However, the bridge was completely rebuilt in 1930 by the architects Malet and Lang since it was judged to be too narrow for modern traffic and too low for river traffic. Consequently, it was ‘moved’ a few metres downstream, now being completely aligned with the Arc de Triomphe du Carrousel.
Pont Royal is the third oldest of the bridges of Paris and has five elliptical arches. Originally, it was a wooden toll-bridge that replaced a small ferry that had served for crossing the Seine since the mid-1500s. At that time, it was known as Pont Sainte-Anne or Pont Rouge (the red bridge).
In 1660, it was completely rebuilt after both fires and floods. However, this new bridge did not last long. A stone bridge was finally constructed in 1689. King Louis XIV gave it the name Pont Royal.
The footbridge between Musée d’Orsay and the Tuileries Gardens is named after the first president of Senegal, Léopold Sédar Senghor. The current metallic bridge with a single span is from 1999, replacing bridges from 1961 and 1861. The first bridge was a cast iron bridge inaugurated by Napoleon III and designed by the engineers behind the Pont des Invaildes. It was formerly named Passerelle Solférino after the Battle of Solferino.
This arch bridge from 1791 connects the Quai d’Orsay on the Seine’s Rive Gauche to the Place de la Concorde on the Rive Droite. It was formerly known as both the Pont Louis XVI and the Pont de la Révolution.
Over the years there have been multiple statues along the sides. First Napoleon placed statues of French generals, and later, these were replaced with French ministers, royal generals, and sailors. However, the statues caused too much weight on the bridges and were moved to Versailles by Louis-Philippe I!
Today, the Pont de la Concorde accounts for some of the heavy traffic across the river.
The Pont Neuf is one of the famous bridges in Paris that you will definitely notice on a river cruise on the Seine.
Despite its name, Pont Neuf is the oldest bridge in Paris, completed and inaugurated by Henry IV in 1607! In fact, the bridge counts for two bridges! It was built as a ‘double’ bridge consisting of a 7-arched section and a 5-arched section on each side of the île de la Cité. In the first centuries there were shops along the bridges. However, this came to an end under the reign of Napoleon III when the bridge foundations were entirely rebuilt.
The two bridge sections spanning over the Seine had another restoration 1994 – 2007, marking the year of its 400th anniversary.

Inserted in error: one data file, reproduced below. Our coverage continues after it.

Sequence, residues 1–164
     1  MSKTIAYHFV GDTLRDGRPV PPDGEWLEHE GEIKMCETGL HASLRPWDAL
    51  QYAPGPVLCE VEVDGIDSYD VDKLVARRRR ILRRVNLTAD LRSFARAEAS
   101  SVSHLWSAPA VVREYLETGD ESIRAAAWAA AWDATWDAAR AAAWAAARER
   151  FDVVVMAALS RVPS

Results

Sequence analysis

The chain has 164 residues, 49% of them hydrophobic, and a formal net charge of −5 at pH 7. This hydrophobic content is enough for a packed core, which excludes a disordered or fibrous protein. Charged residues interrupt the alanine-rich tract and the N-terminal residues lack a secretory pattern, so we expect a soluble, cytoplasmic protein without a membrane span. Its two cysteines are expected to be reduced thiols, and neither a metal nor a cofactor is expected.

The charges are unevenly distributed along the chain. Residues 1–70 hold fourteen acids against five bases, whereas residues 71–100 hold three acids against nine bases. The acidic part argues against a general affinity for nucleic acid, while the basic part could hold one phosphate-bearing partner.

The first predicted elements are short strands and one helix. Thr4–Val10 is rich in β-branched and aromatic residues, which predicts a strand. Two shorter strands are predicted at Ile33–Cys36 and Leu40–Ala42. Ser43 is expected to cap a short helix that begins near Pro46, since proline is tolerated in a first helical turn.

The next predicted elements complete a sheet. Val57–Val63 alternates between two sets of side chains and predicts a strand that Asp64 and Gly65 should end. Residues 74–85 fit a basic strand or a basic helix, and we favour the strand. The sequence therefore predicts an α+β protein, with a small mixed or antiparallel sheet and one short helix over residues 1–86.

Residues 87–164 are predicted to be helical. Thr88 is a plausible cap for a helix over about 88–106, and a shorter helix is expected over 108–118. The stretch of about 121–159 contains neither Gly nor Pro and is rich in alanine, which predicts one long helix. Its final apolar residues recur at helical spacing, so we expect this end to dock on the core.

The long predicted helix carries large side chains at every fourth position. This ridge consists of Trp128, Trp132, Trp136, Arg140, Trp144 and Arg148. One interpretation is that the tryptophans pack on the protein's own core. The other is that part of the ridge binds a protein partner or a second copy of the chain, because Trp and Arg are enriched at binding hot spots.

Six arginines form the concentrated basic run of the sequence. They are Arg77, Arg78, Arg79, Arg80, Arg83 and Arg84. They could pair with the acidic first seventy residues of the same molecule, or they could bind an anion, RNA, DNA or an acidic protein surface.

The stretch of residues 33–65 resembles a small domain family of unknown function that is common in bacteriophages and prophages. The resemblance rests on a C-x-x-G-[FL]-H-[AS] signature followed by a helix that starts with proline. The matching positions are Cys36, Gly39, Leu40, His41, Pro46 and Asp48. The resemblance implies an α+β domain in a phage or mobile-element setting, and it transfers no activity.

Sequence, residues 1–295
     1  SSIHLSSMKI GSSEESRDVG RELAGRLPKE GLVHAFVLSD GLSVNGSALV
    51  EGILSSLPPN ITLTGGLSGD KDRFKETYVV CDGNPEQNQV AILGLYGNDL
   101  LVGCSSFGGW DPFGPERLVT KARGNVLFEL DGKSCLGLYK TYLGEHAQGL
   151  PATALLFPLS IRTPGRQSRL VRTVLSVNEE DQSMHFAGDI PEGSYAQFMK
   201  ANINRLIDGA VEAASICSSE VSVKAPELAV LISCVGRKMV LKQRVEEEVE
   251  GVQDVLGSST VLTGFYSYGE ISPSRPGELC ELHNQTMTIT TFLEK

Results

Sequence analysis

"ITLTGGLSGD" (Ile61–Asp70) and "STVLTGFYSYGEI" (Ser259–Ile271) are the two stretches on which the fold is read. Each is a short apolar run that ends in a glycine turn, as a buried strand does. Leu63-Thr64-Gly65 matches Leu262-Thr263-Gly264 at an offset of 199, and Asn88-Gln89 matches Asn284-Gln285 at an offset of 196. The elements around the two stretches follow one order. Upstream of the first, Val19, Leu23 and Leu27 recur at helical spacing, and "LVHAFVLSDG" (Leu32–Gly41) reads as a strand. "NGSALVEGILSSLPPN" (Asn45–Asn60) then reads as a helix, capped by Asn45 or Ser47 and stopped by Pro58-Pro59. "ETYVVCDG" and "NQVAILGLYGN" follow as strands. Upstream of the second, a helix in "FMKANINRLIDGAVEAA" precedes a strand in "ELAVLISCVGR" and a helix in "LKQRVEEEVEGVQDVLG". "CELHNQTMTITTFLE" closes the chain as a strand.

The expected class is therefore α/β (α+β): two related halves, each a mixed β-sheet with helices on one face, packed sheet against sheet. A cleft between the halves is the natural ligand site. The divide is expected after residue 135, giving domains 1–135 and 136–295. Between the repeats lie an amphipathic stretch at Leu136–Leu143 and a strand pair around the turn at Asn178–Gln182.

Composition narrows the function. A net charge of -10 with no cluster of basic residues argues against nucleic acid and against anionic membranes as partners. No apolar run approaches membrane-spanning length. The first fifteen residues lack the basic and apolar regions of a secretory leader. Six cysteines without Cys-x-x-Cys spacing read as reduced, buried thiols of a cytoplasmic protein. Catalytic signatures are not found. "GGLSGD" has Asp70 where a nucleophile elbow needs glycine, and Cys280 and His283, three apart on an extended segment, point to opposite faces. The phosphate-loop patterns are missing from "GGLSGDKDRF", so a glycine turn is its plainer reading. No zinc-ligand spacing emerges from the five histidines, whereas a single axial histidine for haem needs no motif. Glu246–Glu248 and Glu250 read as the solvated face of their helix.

For the decoration of the Pont Neuf, there are 381 stone masks representing divinities from ancient mythology. Notice the equestrian statue of King Henry IV in front of the bridge.
The Pont Saint-Michel links the Place Saint-Michel on the left riverbank to the Île de la Cité. The bridge dates to 1857, but already in 1387, a stone bridge stood here. However, the harsh winter in 1407-1408 left its mark and the relatively new bridge collapsed.
Later attempts during the following centuries did not produce a solid and durable bridge either – not until the current bridge by Paul-Martin Gallocher de Lagalisserie and Paul Vaudrey was built.
The Pont au Double was constructed to meet the need for patients to be transported to the Hôtel Dieu hospital located on the Île de la Cité. People were, though, required to pay a toll (a ‘double fee’) to use the bridge in order to fund the construction of it – hence the name.
The bridge was ready for use in 1634, but unfortunately it already collapsed in 1709. The current Pont au Double was constructed in 1883 as a cast-iron bridge.
Like many other bridges in Paris, the Pont au Change also had several predecessors. In the past, in the 12th century, the bridge had money changers and goldsmith shops established on the very bridge – hence the name. The current bridge was built under Napoleon III in 1860.
The Pont Notre-Dame is another famous bridge that you will pass on a Seine River cruise – it has existed in Paris since antiquity, but like many other Parisian bridges, it has been reconstructed multiple times. One of the collapses, in 1499, was due to overloading of houses built on the bridge itself. About sixty houses were at the time burdening the bridge with their weight.
Pont d’Arcole is a beautiful bridge over the Seine that connects the city to the Île de la Cité, constructed in 1856 and being the first bridge in Paris without an auxiliary support in the river. It replaced an earlier two-span pedestrian suspension bridge.